Giotto (c. 1267–1337), the usual name of Ambrogiotto di Bondone, Florentine painter. Acc. to G. Vasari, the 16th-cent. historian of Italian art, he was a pupil of *Cimabue; *Dante (Purg. 11. 94–6) linked them as the most important painters in Italy to date. Little is known of his life: in Rome he was patronized by Card. Stefaneschi; from c. 1329–33 he was in the employ of King Robert of Naples; and in 1334 he was appointed surveyor of the cathedral at Florence, where he initiated the building of the campanile. His work is important in the development of modern painting; he broke away from the rigid formality and stereotyped formulas characteristic of late Byzantine art in Italy and introduced a new sense of dramatic realism. Though it is a matter of dispute whether he designed the cycle of frescoes in the Upper Church at *Assisi—which include some of the most familiar images in the life of St *Francis—he was certainly responsible for those in the Arena Chapel at Padua and the Peruzzi and Bardi Chapels of Santa Croce in Florence; all demonstrate his concern for naturalism and his genius for narrative and characterization. In Rome his most spectacular work was the huge mosaic of the Navicella (the Ship of the Church, with Christ walking on the waters) in the old *St Peter’s, which was reworked in the 17th cent. Other works include the Ognissanti Madonna in the Uffizi in Florence.
F. L. Cross and Elizabeth A. Livingstone, eds., The Oxford Dictionary of the Christian Church (Oxford; New York: Oxford University Press, 2005), 681–682.
I’m really looking forward to discussing my book, “75 Masterpieces Every Christian Should Know,” with the members of Literary Life Book Club. I can’t wait to hear your thoughts and perspectives on some of the art, music, and literature you’ll discover in the book. I’m interested in how it speaks to you in your life and the ways it inspires, challenges, or maybe even annoys you! I’ll try to share some “deleted scenes” stuff I had to leave out and will tell a few stories about what I experienced while doing the writing and research. Hope that many of you can join us as we look at he stories behind some truly wonderful art.
Let’s explore together!
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Terry Glaspey is a writer, an editor, a creative mentor, and someone who finds various forms of art—painting, films, novels, poetry, and music—to be some of the places where he most deeply connects with God.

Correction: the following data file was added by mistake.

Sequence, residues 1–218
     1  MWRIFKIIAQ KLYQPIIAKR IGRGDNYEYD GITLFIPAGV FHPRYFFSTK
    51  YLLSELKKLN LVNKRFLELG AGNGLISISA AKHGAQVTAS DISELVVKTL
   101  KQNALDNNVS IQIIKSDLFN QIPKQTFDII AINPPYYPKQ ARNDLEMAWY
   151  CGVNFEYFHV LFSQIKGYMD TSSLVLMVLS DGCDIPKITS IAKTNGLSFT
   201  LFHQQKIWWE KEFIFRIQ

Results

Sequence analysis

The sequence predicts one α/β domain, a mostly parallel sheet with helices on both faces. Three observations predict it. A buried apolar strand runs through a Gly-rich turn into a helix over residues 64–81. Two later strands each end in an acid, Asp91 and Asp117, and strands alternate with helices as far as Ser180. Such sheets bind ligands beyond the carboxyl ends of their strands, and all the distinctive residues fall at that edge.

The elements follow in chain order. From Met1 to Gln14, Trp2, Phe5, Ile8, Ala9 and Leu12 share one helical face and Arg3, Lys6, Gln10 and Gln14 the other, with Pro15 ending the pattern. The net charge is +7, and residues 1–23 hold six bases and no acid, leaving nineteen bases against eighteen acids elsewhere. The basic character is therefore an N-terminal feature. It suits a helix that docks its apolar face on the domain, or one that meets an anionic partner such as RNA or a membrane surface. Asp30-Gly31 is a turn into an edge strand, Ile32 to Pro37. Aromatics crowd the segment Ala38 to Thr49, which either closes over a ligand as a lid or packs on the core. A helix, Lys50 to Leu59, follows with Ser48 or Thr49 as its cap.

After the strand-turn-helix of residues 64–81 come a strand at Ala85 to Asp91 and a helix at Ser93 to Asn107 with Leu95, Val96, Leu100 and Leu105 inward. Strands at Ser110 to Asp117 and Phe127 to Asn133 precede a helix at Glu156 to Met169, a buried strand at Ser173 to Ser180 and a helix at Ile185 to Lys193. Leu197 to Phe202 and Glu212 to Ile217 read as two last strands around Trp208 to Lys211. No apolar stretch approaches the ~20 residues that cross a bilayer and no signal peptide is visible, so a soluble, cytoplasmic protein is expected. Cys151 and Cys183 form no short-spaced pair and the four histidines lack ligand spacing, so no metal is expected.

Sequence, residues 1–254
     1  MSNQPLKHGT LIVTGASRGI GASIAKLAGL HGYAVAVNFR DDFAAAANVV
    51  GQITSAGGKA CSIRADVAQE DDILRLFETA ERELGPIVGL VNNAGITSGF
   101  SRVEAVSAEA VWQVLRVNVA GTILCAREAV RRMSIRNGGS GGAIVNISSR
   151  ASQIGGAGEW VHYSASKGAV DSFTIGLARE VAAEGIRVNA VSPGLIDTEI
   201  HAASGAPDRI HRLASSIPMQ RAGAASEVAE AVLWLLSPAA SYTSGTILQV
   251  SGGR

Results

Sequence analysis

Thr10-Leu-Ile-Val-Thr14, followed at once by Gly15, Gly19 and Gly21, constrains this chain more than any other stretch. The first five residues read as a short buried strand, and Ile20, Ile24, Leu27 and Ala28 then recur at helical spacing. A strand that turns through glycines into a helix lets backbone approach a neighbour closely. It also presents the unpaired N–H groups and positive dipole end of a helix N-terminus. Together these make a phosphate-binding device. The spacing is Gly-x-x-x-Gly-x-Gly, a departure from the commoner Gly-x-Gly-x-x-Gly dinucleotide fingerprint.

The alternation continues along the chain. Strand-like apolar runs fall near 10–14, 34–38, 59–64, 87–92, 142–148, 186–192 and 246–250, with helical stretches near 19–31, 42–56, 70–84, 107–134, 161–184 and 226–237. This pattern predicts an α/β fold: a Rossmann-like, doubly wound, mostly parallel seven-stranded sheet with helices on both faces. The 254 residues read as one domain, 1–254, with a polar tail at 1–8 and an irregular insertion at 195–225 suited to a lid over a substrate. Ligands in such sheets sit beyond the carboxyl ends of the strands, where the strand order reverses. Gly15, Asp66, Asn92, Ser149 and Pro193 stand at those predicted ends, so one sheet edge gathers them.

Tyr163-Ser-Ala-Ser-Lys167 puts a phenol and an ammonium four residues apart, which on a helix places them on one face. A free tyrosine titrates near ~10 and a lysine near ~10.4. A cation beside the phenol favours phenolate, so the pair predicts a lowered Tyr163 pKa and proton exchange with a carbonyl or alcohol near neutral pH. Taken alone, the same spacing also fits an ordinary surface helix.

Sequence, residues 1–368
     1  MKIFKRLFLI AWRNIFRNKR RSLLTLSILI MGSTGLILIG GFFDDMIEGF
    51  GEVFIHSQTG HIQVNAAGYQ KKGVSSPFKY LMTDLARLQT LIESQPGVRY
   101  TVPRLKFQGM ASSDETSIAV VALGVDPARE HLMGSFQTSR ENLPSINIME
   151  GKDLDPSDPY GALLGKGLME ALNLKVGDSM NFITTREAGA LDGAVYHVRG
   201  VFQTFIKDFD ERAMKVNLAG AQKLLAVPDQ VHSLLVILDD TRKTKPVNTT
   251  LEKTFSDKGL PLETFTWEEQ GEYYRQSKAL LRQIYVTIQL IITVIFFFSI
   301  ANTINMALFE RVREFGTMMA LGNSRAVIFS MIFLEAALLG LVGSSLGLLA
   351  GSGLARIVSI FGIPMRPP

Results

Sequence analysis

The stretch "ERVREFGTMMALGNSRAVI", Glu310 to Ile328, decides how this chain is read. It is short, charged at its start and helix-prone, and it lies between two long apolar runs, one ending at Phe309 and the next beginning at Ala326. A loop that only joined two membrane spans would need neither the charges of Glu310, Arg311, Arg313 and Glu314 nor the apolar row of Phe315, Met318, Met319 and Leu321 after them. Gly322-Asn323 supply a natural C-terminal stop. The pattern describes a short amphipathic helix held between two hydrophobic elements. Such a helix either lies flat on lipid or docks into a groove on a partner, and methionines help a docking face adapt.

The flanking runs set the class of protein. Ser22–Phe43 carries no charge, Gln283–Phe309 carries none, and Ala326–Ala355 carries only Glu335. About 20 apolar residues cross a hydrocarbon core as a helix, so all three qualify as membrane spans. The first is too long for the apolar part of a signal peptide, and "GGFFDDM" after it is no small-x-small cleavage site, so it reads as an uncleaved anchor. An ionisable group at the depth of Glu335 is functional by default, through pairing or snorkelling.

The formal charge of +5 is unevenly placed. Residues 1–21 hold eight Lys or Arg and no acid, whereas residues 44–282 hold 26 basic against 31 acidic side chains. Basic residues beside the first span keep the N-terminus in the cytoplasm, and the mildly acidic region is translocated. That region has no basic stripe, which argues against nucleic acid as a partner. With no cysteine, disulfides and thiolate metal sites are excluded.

He has a master’s degree in history from the University of Oregon (Go Ducks!), as well as undergraduate degrees emphasizing counseling and pastoral studies.
He has written over a dozen books, including 75 Masterpieces Every Christian Should Know: Fascinating Stories Behind Great Art, Music, Literature, and Film, Not a Tame Lion: The Spiritual Legacy of C.S. Lewis, The Prayers of Jane Austen, 25 Keys to Life-Changing Prayer, Bible Basics for Everyone, and others.
Terry enjoys writing and speaking about a variety of topics including creativity and spirituality, the artistic heritage of the Christian faith, the writing of C.S. Lewis, and creative approaches to apologetics.
He serves on the board of directors of the Society to Explore and Record Church History and is listed in Who’s Who in America Terry has been the recipient of a number of awards, including a distinguished alumni award and the Advanced Speakers and Writers Editor of the Year award.
Terry has two daughters and lives in Eugene, Oregon.
Dig Deeper at TerryGlaspey.com
Some of the greatest painters, musicians, architects, writers, filmmakers, and poets have taken their inspiration from their faith and impacted millions of people with their stunning creations. Now readers can discover the stories behind seventy-five of these masterpieces and the artists who created them. From the art of the Roman catacombs to Rembrandt to Makoto Fujimura; from Gregorian Chant to Bach to U2; from John Bunyan and John Donne to Flannery O’Connor and Frederick Buechner; this book unveils the rich and varied artistic heritage left by believers who were masters at their craft.
Terry Glaspey, 75 Masterpieces Every Christian Should Know: The Fascinating Stories behind Great Works of Art, Literature, Music, and Film (Grand Rapids, MI: Baker, 2015).